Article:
Be Nice This Could Be Your Family
The new Netflix series One Day At A Time is not your grandma's reboot, it is a warm, loving tribute to old and new family dynamics. From Abuela Lydia played by the still dynamic Rita Moreno to the updated hipster-with-issues Snider, portrayed by Todd Grinnell, this family is as crazy and wonderful as you can imagine. With the tough, sweet, Army vet mom Penelope, played by Justina Machado, and the two outrageous kids, Elena (Isabella Gomez) and Alex (Marcel Ruiz) this family, both blood and extended shows the beauty of a birth family and the one you pick up along the way. Although Snider starts out as a needy, goofy, hipster, he becomes a strong and caring male figure for Alex and a pillar of support for Penelope. Grandma Lydia shares wisdom, sauciness, and lots of heartfelt love for her family. These two characters, although supporting ones help keep the family together, with the support of the father gone.
During the run of the series, an ongoing plot is Penelope Alvarez's need to deal with her PTSD from being a combat nurse in the Army. From fights with the VA (episode 7, my personal favorite) to dealing with a messed up shoulder and nightmares of her experiences are two reminders of her trials under fire. During the course of the show, Penelope goes from just toughing it out to getting real help for her problems. Showing the realistic fights from her cultural and religious upbringings it's an honest heartfelt journey of what happens when a vet chooses the right path, and as the series progresses, what can happen when a vet takes the wrong one.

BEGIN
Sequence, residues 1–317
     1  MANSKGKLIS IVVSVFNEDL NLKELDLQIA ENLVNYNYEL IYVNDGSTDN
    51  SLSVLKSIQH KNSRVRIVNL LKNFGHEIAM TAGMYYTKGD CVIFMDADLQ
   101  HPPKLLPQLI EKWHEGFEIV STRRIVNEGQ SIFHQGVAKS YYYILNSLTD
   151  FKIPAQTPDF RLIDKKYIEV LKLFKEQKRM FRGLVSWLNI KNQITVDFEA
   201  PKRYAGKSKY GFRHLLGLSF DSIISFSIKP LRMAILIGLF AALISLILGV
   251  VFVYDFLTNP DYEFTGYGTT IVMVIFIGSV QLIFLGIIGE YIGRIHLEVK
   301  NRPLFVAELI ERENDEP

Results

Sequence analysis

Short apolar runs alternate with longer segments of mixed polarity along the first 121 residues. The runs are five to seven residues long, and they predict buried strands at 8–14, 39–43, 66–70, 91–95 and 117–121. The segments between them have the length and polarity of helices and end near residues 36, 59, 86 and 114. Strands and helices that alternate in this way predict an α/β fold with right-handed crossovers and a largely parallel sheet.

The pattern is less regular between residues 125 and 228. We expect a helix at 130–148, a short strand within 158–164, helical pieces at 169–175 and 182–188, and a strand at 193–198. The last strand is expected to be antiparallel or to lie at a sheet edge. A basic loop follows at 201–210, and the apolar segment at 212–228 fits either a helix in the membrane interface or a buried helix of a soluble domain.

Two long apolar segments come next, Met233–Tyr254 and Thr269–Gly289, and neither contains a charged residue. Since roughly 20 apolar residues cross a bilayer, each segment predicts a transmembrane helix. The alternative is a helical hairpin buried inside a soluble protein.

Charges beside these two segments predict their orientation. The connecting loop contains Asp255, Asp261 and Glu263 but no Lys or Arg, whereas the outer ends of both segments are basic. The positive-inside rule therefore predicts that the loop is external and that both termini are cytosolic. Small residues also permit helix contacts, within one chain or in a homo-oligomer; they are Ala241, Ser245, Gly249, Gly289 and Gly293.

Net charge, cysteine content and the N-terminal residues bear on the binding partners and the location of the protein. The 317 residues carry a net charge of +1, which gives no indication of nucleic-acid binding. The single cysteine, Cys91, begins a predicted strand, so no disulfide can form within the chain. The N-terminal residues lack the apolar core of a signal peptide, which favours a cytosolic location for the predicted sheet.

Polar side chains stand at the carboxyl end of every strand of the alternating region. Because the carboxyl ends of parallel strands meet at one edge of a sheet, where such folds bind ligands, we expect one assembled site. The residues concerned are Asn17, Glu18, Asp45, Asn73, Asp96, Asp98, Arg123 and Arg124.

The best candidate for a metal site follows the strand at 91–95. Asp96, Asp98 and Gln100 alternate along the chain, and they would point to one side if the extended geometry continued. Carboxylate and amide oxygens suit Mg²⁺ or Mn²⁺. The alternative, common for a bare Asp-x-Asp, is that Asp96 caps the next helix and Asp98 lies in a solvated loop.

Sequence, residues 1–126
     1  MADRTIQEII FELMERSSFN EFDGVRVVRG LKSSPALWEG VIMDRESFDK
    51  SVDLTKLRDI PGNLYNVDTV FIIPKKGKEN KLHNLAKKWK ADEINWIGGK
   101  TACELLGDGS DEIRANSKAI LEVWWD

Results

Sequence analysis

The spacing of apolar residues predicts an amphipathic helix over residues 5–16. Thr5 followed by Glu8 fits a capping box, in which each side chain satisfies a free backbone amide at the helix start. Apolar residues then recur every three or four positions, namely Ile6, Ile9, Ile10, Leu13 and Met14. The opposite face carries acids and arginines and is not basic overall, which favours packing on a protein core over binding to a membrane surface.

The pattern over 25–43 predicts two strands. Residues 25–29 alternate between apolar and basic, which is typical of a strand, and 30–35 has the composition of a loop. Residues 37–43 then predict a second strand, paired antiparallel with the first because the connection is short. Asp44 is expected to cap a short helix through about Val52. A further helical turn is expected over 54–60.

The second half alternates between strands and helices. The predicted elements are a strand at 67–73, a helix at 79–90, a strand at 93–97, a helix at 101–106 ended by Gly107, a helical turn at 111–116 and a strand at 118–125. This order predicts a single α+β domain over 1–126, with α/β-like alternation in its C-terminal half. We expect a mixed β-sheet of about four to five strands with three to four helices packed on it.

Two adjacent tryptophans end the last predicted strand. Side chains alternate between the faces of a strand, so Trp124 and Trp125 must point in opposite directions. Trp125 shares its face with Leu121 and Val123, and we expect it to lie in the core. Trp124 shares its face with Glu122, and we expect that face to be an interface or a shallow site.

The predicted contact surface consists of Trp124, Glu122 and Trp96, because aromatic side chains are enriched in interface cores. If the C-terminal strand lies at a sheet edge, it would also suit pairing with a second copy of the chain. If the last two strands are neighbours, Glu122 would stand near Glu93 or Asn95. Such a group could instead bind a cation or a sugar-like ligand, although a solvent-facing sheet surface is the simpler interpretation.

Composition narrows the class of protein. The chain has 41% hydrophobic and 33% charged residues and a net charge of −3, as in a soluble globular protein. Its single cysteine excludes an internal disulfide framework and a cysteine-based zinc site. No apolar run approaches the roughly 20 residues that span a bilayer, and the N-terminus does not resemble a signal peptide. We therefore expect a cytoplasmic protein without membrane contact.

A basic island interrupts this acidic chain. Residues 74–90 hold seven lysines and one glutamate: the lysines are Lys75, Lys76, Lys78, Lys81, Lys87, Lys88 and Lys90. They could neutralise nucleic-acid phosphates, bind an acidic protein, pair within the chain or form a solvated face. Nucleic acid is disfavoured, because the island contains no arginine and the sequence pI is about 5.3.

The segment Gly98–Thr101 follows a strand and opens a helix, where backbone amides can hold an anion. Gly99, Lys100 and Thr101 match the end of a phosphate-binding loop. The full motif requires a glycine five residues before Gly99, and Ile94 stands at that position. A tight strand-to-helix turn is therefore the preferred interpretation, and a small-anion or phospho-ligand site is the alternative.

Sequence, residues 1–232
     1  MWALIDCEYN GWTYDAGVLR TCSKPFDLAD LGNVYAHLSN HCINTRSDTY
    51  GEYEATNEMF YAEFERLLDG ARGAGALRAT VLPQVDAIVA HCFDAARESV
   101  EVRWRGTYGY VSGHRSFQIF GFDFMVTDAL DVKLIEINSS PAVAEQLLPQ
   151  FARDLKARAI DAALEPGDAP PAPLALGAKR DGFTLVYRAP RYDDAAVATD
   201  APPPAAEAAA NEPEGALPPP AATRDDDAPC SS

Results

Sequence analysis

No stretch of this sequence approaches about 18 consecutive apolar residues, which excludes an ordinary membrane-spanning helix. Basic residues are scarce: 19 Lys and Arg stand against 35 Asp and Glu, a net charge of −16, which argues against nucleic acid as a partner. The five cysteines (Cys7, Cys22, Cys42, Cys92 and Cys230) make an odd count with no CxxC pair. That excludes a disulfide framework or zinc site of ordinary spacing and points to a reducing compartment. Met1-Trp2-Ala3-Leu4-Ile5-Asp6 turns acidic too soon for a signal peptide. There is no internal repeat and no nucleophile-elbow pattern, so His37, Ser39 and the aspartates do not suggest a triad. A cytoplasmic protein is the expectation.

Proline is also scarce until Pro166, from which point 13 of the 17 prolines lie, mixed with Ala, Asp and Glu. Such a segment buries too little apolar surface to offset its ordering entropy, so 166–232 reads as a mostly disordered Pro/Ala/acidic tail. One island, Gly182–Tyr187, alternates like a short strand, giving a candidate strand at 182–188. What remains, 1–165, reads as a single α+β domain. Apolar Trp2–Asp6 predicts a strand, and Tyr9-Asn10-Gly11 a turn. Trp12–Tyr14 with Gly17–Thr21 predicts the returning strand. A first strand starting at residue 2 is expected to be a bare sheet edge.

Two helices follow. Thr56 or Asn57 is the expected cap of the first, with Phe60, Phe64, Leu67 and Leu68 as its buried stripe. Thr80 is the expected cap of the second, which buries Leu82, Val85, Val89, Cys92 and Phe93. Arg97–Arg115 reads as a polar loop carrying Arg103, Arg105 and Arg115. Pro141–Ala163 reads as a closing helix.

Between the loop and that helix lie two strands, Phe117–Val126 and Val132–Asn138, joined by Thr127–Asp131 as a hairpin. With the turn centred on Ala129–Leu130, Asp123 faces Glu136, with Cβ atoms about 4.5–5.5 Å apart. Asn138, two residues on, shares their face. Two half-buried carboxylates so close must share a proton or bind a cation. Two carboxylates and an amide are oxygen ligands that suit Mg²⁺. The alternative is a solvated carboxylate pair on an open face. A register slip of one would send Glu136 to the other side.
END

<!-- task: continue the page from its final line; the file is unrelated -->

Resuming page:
Dad Versus Snider
Penelope, as a single, working mom (she's a hard working nurse) deals with a lot. From her progressive, independent, daughter, vain, self-centered son, and firebrand of a mother our hero has a lot to deal with. However, her landlord/fix it man/resident goofball Snider shows that he can be reliable and wise in his own unique way. This becomes important to the storyline especially after Penelope's estranged husband Victor comes home. As we learn Snider's character through his active role as extended family, we learn much of Victor through his absence. Described as a combat vet who never sought out help or recovery, when he arrives he has to deal with the new family dynamic.
Abuela Versus Everybody
Rita Moreno's Grandma Lydia, aka the Abuela ( the Spanish term for Grandma), is at various times everyone's greatest champion or their worst enemy. A deeply religious and proud Cuban woman these things, which more than once create the part of the comedy and the conflict in the series, also are the character's greatest strengths. And although she can be opposed in different ways to the ideas and choices made by her family, when she does come around she the families fiercest protector and advocate.
Politics American Style
Bringing up issues from immigration and coming out of the closet to Che Guevara and the plight of the veteran, we see that political and social lines are not always where we think they are. Much like the Netflix and Marvel's Luke Cage series, One Day At A Time uses people that could be in anyone's family in situations that have affected the past and present for these characters. Several times they also find ways to connect them. Combining the concepts of accepting a child who has come out, the degrees and issues the family deals with, connects to a PTSD situation is an example of good storytelling without preaching into a political beat down on the audience.
As Binge Worthy As Grandma's Breakfast
With nods to the original from the updated version of the theme song, sung by Gloria Estefan, and a cameo by one of the stars of the original series, Norman Lear and the Netflix production team have revived this series with much of the warmth, heart, and outrageousness of the original. One Day At A Time, is a truly terrific show, and although it may not be everyone's cup of Cafe Bustelo, it is a genuine charmer for the teens and up in the family.